A misfire is the 1977 two-piano gig with Cecil Taylor, who plays his language over her the whole time, not interacting with swing or the blues in the slightest. I personally think Cecil belongs on Mary Lou’s jazz tree, but this sullen mismatch is good fodder for those wishing to deny Cecil’s credentials. You just can’t treat Mary Lou like that.

Most jazz listeners probably know her vivacious early work best. In that heyday, she was universally beloved as composer, arranger, pianist, and personality.

The very first Mary Lou Williams track I heard was “Little Joe from Chicago” (1939) on a boogie woogie anthology LP. I was about eleven years old, forming a bond with this music, and it quickly became my favorite track on Side A.

Her left hand plays reasonably conventional boogie patterns, but the right sounds like a late 30’s big band. Since Mary Lou arranged so many big band hits for Andy Kirk’s Clouds of Joy and other bands, this mash-up of genres has depth. It also has a superb laid-back, almost even-eighth feel. Her feel is so damn hip.

Finally two summers ago I bit the bullet and learned it from the record. It’s now become one of my party pieces. When I shared the stage taking turns with Kenny Barron, Stanley Cowell, Fred Hersch and Jason Moran at the Vanguard for a night I played “Little Joe From Chicago.” Afterward Lorraine Gordon kissed me “for the boogie woogie” and James Spader said, “This was what we needed to hear.”

(My transcription is marked “formal edit” because it is slightly different than the record in a few details unimportant musically but helpful for study and memorization.)

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For obvious reasons, Mary Lou Williams is the most convenient topic in jazz for gender studies and empowerment. There’s nothing wrong with that on the surface, but I am bothered when Mary Lou is treated as a black woman first and as an artist second. The two biographies are OK, there’s valid stuff in both of them, but sometimes their lack of hard musical perspective is hard to take. In What’s Your Story, Morning Glory, Linda Dahl writes of Mary Lou’s classic track “Night Life,” her very first piano solo from 1930:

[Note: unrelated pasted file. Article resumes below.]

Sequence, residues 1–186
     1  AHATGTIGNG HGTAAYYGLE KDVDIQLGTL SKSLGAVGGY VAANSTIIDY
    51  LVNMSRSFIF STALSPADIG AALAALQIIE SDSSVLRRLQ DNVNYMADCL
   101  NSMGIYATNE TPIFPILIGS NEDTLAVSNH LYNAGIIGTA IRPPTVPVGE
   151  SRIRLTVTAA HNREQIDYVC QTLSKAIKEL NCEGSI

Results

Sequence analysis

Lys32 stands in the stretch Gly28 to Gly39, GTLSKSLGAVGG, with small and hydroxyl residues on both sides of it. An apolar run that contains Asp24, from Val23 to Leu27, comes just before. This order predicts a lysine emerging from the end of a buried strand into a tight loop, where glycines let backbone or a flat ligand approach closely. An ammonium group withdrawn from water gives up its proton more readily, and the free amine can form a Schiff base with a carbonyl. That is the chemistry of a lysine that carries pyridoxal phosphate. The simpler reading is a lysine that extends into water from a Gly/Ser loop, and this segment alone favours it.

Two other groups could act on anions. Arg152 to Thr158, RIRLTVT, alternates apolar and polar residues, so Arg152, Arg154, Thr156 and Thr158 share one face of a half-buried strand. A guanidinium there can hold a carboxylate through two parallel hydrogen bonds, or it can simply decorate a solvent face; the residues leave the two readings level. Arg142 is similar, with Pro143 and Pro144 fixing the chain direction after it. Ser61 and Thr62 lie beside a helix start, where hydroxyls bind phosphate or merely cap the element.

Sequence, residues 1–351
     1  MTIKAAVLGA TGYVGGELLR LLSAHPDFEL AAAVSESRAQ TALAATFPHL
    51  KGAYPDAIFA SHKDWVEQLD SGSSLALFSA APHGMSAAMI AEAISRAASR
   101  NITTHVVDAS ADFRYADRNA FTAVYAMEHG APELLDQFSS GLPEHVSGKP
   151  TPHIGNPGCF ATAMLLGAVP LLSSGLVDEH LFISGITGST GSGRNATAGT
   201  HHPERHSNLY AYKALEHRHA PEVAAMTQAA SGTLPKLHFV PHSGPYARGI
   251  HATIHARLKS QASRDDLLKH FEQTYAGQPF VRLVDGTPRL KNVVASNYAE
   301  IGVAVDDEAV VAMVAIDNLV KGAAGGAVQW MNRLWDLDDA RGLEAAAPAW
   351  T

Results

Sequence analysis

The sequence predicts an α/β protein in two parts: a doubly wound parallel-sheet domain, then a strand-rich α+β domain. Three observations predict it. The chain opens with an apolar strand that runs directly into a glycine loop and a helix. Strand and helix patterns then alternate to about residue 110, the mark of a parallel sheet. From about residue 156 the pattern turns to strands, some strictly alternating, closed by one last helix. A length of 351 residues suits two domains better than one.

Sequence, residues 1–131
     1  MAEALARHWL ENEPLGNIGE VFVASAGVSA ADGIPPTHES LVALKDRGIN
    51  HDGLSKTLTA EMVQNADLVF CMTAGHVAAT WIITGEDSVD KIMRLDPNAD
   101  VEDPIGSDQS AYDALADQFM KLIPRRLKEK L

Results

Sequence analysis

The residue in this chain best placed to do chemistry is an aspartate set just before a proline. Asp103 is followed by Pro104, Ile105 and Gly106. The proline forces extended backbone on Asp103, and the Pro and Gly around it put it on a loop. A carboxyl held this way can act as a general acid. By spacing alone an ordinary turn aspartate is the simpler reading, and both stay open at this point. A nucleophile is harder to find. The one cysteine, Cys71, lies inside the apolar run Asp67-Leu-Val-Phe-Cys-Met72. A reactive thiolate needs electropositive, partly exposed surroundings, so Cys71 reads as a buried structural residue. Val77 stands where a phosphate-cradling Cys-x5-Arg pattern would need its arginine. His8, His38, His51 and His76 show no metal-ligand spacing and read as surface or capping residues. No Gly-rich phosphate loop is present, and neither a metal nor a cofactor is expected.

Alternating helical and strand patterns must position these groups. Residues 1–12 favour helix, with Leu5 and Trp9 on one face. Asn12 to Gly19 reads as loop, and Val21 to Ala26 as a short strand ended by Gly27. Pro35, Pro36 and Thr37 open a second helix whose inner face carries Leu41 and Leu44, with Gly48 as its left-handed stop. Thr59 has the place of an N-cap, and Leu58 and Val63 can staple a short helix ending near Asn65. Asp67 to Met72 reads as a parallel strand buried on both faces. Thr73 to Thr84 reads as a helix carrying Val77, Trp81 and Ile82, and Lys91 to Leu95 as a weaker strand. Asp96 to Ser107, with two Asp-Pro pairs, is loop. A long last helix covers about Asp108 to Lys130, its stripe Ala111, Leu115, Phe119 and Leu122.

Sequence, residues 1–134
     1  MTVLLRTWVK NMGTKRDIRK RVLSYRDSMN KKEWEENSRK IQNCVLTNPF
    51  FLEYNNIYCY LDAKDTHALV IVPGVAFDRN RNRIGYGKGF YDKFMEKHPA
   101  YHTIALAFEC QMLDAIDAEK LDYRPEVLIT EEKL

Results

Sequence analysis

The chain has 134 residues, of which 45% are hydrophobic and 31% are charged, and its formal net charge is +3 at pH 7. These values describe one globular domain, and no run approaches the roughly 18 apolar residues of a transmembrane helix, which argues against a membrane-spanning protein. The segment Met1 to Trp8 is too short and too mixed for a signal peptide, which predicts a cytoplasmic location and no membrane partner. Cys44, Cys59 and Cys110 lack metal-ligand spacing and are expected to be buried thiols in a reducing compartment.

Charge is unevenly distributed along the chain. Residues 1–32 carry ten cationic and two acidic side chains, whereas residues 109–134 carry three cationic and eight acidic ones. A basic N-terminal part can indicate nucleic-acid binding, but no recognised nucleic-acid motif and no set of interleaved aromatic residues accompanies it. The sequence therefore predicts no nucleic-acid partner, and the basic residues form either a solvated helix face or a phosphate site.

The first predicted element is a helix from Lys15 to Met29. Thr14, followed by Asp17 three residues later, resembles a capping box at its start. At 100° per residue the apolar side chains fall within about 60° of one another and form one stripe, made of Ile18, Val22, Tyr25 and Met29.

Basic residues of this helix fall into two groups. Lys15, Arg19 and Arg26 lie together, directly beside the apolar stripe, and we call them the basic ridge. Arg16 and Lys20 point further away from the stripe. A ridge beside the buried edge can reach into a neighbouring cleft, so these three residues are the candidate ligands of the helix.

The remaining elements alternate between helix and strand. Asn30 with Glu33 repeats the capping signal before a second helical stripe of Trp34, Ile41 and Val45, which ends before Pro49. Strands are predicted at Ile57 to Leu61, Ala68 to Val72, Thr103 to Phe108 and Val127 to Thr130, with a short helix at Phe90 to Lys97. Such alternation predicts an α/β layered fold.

It is “Night Life,” a faster blues, that especially demonstrates her unforced but crisp and authoritative command of the piano. The French jazz critic, Hugues Panassié, who was won of the first to understand the passion in Mary’s playing, paid special attention to her performance of “Night Life” in his (somewhat overwrought) Guide to Swing Music. While her style was clearly derivative of James P. Johnson and Fats Waller, Mary, says Panassié, “is much more fantastic and ardent. On ‘Nite Life’ she has made one of the most beautiful hot piano solos we have. Her hot, panting right hand phrases, and the swing she gets by the accentuation in the bass by the left hand, must both be admired.” Sometimes, Mary’s playing spilled over into a kind of nervous passion that would lead her to play at the very brink of rushing the time. This gave her music an edginess and lent a certain abruptness to her endings. But it also fueled the sense of excitement that is one of the prize elements of good jazz.